m a n i c o m i o

While undertaking the initial research for my MA, I read both Heidegger and Husserl, whose influential but fairly complex philosophy assisted me develop a better understanding of my subject for study. My theme was “Home”, a difficult topic which became highly personal and full of different layers of meaning. I slowly began to unpick and unravel the different layers and began a massively involving search for locations and places across Central Europe.

For some, treasured possessions can be mobilised from one space to another and ‘home’ can be quickly re-established in a different time and space.
For others, material possessions have little value.
Familiar sights, sounds and memories permeate the very fabric of existence from birth to death and, confined within a discreet space, cosseted from the elements, such a space  (and no other) may well become “Home”.
As I realised how fortunate in life I have been with all the comforts of a secure loving home, I began to think about those souls who were often institutionalised for no greater sin than being less able or perhaps plagued by mental illness. I searched out a number of locations within travelling distance of my home and beyond.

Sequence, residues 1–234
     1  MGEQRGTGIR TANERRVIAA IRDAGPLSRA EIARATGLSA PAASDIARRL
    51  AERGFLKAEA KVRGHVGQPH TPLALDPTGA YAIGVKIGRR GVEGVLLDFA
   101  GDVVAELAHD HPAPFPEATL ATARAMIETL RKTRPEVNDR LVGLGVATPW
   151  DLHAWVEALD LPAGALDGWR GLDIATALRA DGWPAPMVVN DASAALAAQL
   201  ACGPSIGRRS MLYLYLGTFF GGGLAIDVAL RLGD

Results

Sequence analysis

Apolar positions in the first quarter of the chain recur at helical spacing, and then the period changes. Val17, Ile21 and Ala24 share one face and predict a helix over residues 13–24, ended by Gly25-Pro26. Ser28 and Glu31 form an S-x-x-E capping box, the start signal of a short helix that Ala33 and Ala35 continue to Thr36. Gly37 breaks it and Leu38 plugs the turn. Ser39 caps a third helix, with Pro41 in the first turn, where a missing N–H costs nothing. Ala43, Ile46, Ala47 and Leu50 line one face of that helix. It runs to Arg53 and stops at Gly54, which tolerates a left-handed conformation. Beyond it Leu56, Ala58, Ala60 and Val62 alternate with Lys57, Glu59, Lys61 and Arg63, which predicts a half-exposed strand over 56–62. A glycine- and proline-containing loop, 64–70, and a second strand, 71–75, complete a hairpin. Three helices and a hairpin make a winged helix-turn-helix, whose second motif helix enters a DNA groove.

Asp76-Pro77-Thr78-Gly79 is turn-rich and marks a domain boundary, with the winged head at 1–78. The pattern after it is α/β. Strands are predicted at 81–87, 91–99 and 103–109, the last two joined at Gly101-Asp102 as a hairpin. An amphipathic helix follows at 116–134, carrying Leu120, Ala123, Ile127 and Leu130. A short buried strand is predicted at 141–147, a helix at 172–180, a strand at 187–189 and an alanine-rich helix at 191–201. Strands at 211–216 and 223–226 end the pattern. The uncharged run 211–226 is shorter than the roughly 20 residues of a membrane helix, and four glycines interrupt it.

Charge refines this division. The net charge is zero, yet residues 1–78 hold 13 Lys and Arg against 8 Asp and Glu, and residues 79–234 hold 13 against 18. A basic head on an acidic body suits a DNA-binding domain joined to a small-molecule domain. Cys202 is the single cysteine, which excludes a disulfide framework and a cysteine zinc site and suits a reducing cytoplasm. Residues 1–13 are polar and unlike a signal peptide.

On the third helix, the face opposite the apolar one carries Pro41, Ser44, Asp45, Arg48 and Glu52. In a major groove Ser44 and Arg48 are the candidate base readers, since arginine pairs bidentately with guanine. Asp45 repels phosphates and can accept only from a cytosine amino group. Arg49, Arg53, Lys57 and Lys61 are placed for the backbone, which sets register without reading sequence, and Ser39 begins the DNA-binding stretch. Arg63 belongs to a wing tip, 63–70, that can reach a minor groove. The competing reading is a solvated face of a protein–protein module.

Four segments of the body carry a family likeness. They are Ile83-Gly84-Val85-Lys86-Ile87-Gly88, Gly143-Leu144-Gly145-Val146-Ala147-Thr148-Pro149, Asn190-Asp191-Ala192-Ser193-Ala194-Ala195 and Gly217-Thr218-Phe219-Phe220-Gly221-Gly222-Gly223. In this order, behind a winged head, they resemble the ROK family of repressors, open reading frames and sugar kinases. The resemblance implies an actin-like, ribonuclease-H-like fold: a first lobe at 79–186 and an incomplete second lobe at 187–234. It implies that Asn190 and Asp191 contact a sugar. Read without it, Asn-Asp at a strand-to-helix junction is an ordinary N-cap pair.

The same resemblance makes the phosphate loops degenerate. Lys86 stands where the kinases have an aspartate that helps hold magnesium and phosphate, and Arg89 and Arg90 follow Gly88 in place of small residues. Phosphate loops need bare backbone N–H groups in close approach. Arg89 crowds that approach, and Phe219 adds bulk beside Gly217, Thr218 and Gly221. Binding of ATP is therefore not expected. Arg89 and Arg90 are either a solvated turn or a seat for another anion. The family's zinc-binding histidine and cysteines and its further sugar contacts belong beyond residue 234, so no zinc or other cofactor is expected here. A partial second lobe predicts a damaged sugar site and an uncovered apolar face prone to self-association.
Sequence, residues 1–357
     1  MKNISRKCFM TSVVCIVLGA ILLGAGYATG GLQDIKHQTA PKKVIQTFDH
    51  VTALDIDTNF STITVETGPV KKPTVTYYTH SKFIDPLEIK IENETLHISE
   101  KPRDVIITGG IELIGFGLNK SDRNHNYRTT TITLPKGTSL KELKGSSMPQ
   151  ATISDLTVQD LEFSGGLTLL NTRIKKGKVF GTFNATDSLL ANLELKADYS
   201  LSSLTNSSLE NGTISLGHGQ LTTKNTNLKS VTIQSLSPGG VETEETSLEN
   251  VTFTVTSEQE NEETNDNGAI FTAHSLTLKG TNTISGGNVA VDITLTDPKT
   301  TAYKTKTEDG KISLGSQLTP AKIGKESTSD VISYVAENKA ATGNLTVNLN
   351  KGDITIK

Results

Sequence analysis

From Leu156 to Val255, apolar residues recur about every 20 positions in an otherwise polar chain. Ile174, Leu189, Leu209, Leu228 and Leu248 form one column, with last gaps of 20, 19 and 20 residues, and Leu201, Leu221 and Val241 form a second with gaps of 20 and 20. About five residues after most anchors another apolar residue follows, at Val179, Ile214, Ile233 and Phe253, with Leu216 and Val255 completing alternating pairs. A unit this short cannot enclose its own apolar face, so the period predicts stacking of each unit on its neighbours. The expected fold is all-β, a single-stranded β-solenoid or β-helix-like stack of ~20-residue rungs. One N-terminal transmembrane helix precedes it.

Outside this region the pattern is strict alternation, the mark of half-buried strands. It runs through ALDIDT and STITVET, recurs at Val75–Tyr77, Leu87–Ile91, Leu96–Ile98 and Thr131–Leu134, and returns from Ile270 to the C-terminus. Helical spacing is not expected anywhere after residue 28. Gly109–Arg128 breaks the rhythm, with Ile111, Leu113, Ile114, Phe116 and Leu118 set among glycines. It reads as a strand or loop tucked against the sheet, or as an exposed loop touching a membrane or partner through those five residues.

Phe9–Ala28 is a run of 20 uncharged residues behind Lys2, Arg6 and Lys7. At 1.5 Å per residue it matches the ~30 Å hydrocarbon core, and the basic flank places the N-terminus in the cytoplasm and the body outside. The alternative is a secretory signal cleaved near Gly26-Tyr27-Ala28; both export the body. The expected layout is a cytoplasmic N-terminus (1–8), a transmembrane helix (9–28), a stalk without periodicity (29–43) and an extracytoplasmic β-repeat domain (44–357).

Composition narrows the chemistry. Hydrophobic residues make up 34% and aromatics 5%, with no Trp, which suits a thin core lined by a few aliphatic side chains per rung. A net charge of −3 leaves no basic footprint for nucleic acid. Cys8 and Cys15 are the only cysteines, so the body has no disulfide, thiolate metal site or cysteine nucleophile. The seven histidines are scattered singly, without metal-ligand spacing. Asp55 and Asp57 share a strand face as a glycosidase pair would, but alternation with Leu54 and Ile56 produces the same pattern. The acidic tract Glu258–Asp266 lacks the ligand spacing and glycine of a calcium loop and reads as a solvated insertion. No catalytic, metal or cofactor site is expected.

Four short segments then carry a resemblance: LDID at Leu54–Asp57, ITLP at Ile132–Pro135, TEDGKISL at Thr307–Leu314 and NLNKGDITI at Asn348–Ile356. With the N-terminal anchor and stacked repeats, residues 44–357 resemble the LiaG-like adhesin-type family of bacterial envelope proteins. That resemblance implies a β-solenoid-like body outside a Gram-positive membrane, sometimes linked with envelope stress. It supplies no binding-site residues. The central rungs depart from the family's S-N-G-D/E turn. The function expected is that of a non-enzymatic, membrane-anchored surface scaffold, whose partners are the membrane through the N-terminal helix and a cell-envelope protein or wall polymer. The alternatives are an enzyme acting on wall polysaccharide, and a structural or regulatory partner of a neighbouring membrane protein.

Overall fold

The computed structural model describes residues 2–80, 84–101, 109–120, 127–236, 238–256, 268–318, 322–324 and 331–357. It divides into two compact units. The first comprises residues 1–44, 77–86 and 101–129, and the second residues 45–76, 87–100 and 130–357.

'manicomio' is a series of images  taken inside a number of abandoned mental asylums. These eerie desolate and derelict buildings are most often spread across a fair acreage of quiet rural countryside. Built sufficiently out of the way to ease the social conscience, traces of former inhabitants remain  both inside and externally in the grounds. Some poor souls remained in locked rooms or wards –‘for their own safety’ while others may have been afforded the luxury of walking out of doors in a secure, permitted area. Many of these people were abandoned and forgotten. These ‘skeletons in the cupboard’ often lived a whole lifetime and died in an asylum which was the only home they had ever really known.

This book is dedicated to those forgotten residents of such institutions and also to those ghosts who remain visible and invisible in the cold interiors and shifting gauzy light.